Under these circumstances, North Korea launched a missile in April in defiance of calls by Japan and other countries concerned to abandon the plan, and conducted a nuclear test in May. Japan promptly protested to North Korea�s actions, which were utterly intolerable. Japan is committed to working closely with other countries concerned through the Six-Party Talks to achieve North Korea�s abandonment of the its nuclear programs in a verifiable and irreversible manner as early as possible. At the same time, Japan will steadily implement measures based on the U.N. Security Council Resolutions as well as Japan�s own measures. With regard to the abduction issue, despite Japan�s repeated demands for North Korea�s launching of a thorough investigation into the abduction as agreed during the Japan-North Korea Working-Level Consultations in August 2008, North Korea has yet to launch the investigation (as of the end of February 2010). While maintaining a close cooperation and collaboration with other countries concerned through the Six-Party Talks and other diplomatic opportunities, Japan will sincerely engage in bilateral talks with North Korea and urge North Korea to take concrete actions toward the resolution of the outstanding issues of concern, including the abduction issue.

Embracing India, the world�s largest democracy, South Asia has been steadily increasing its presence in recent years due to its regional population of roughly 1.5 billion and the high economic growth enjoyed throughout the region. There is no negative historical legacy in South Asia�s relations with Japan, and many countries in the region have traditionally been pro-Japan, supporting Japan in elections at international institutions and on numerous other occasions. Furthermore, the region is geographically important to Japan because of its location in the sea lanes connecting Asia and the Middle East. Therefore, it is vital for Japan to foster close cooperative relations with this region. In Japan�s relations with India, one of the emerging global powers, leaders� visits to each other�s countries have taken place annually since 2005. In December 2009, Prime Minister Hatoyama visited India, during which he and Prime Minister Singh of India affirmed that both countries would cooperate with each other in a broad range of areas, including security and the economy, thereby further strengthening and stepping up the bilateral �Strategic and Global Partnership.� Meanwhile, South Asia still faces challenges in such areas as democratization, peacebuilding and counter-terrorism measures. In Sri Lanka, government forces virtually wiped out the separatist organization Liberation Tigers of Tamil Eelam (LTTE), putting an end to the civil war. In spite of such a positive development, the terrorism situation in South Asia has shown little sign of improvement, with the number of terrorist victims reaching an all-time high in Pakistan. The stability of Pakistan is one of the most vital issues for the entire international community. In this regard, in April 2009 Japan hosted the Pakistan Donors Conference and in November announced a new assistance package to Afghanistan and Pakistan as a new strategy to support counter-terrorism. Moreover, in acknowledging the importance of South Asia, Japan engages in proactive diplomacy in multilateral frameworks and also actively supports the South Asian Association for Regional Cooperation (SAARC), placing emphasis on democratization and peacebuilding, promotion of regional connectivity, and people-to-people exchanges, as the three pillars of its support efforts.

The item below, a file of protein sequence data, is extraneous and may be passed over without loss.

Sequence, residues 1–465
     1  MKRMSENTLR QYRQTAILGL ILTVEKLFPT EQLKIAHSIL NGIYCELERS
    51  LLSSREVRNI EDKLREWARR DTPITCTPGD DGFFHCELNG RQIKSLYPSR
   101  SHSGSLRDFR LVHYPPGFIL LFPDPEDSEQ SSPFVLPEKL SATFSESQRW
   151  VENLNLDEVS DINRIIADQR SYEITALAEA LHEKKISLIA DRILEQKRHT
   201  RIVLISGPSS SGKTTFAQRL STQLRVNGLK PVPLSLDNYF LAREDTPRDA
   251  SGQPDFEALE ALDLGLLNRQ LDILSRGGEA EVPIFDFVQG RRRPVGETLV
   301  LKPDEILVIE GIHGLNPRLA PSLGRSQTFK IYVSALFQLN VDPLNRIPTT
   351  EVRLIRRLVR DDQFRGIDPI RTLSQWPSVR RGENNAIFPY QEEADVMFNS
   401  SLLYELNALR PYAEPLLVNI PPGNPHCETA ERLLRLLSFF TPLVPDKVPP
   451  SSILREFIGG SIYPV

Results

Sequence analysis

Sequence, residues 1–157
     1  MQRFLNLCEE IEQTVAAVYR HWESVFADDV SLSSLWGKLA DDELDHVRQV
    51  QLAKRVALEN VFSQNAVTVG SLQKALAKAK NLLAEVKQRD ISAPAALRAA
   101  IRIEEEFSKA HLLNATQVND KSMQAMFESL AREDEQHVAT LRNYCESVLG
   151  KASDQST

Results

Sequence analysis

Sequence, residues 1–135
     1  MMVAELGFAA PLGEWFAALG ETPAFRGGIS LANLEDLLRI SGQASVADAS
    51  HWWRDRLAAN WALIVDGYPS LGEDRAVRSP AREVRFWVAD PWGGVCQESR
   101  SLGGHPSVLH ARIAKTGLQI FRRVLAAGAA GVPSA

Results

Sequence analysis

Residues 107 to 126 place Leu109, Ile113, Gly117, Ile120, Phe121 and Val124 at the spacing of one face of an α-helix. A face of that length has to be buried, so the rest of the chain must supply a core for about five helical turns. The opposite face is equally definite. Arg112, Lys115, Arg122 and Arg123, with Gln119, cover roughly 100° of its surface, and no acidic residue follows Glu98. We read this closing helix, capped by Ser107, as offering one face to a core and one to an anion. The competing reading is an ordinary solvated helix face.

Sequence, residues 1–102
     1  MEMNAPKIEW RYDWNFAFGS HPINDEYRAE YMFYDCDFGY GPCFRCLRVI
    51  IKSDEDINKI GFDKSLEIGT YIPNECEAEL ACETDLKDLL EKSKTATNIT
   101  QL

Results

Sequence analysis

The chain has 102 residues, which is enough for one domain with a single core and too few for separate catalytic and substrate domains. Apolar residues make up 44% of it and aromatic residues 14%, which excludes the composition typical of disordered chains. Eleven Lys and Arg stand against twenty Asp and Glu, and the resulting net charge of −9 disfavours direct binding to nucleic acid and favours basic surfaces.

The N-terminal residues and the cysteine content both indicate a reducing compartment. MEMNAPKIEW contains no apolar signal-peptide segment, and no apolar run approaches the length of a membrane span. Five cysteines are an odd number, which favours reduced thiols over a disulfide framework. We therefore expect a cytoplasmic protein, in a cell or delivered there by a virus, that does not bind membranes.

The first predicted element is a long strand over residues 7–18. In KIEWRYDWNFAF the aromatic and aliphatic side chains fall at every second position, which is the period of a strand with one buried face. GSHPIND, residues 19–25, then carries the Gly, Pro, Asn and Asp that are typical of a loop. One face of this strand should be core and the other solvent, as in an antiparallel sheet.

Australia and New Zealand are Japan�s important partners in the Asia-Pacific region with shared basic values. In particular, Japan has developed its partnership with Australia from a bilateral relationship focused on the economy into a strategic partnership aimed at ensuring peace and stability of the international community. In this process, the two countries, both U.S. allies, have deepened their security cooperation as well.

Many Pacific island countries enjoy friendly relationships with Japan and are important partners for Japan in terms of cooperation in the international community and supply of marine resources. In May, leaders of the Pacific Islands Forum (PIF) met in Hokkaido for the Fifth Pacific Islands Leaders Meeting (PALM5). At the meeting, various measures to strengthen ties between Japan and Pacific island countries were ironed out, including a three-year assistance package worth �50 billion.